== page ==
NEW DELHI: A second round of nearly 11 hours of negotiations have taken place between 14 Corps Commander Lt General Harinder Singh and his Chinese counterpart Maj General Lin Liu with India seeking of status quo ante in the Finger 4-8 area in Pangong Tso. James Palmer, Foreign Policy Deputy Editor speaks to StratNews Global Associate Editor Amitabh P. Revi on the Chinese negotiating technique of trying to wear down their counterparts. He points out that local commanders have to check back with Beijing at the highest level. He downplayed US reports that General Zhao Zongqi, the head of the Western Theatre Command ordered the Galwan attack. Palmer sees it as, “Perhaps an attempt to alter the line (LAC) by boots on the ground, to push forward and see if India didn’t object strongly enough.”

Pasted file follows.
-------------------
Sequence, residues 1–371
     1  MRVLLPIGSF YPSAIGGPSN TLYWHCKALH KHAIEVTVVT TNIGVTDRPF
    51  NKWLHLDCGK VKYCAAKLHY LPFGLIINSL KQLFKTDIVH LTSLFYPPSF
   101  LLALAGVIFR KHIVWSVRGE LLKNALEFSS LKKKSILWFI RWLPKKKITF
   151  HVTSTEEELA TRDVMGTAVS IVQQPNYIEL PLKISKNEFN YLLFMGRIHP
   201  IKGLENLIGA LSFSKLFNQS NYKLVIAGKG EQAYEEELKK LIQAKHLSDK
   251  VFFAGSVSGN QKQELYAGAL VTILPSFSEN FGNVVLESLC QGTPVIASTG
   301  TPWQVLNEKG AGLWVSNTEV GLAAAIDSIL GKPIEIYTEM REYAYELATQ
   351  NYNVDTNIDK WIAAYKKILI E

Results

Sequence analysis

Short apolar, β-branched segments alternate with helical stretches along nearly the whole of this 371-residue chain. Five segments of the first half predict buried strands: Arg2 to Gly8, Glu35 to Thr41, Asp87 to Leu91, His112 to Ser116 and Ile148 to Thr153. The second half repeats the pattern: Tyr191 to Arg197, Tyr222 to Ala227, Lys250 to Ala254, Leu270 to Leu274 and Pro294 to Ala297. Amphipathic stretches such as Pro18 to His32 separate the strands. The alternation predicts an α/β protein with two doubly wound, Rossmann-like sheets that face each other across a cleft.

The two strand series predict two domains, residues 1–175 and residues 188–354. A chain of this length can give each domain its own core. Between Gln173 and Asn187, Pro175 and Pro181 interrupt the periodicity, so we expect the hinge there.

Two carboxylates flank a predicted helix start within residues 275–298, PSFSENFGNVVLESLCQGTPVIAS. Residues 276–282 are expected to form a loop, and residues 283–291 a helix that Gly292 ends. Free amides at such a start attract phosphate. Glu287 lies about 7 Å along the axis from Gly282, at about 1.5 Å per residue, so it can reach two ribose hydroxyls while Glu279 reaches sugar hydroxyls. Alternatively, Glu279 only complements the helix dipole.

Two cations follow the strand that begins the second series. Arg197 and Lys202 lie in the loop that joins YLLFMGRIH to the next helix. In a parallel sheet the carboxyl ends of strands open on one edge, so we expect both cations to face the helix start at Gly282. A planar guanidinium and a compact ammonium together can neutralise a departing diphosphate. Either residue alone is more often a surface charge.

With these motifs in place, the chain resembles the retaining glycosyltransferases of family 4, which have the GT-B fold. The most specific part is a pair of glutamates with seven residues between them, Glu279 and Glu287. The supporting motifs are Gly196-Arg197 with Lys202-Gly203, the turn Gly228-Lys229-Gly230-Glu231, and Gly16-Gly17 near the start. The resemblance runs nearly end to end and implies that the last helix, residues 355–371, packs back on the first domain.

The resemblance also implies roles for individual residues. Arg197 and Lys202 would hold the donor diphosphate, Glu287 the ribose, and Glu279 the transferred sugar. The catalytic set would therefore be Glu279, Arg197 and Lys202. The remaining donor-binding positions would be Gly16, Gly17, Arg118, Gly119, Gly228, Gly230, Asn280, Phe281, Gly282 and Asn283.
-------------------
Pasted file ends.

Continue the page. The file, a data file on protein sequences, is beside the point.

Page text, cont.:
In his view, the bloodshed and the consequent risk of war may see China dialling back for a while. One sign of that is Beijing downplaying its own casualties, Palmer says, to avoid giving the public a call for action. Tough governments have to bite the bullet and accept a domestic beating for the sake of peace, he adds, saying India has it harder since she can’t control the media. Many underestimate the fact that the PLA has not fought a war since 1979, the journalist says, pointing out that 17-year-old recruits then would have retired by now. A dramatic rise in COVID-19 cases could displace the anger in India and push it down in the news cycle, Palmer feels, giving quiet diplomacy a chance. But, in the current situation, India is likely to align itself a lot more with the U.S. and other middle-powers as a signal to Beijing. He believes a change in current policy is possible only if Xi Jinping falls or goes, giving others a political cover to undergo any rectification.
James Palmer is a deputy editor at Foreign Policy. He lived and worked in Beijing in Chinese state media including the Global Times, China News Service and Foreign Policy from 2003-18. Palmer is the author of The Death of Mao: The Tangshan Earthquake and the Birth of the New China and The Bloody White Baron: The Extraordinary Story of the Russian Nobleman Who Became the Last Khan of Mongolia. He won the Shiva Naipaul prize for travel writing in 2003.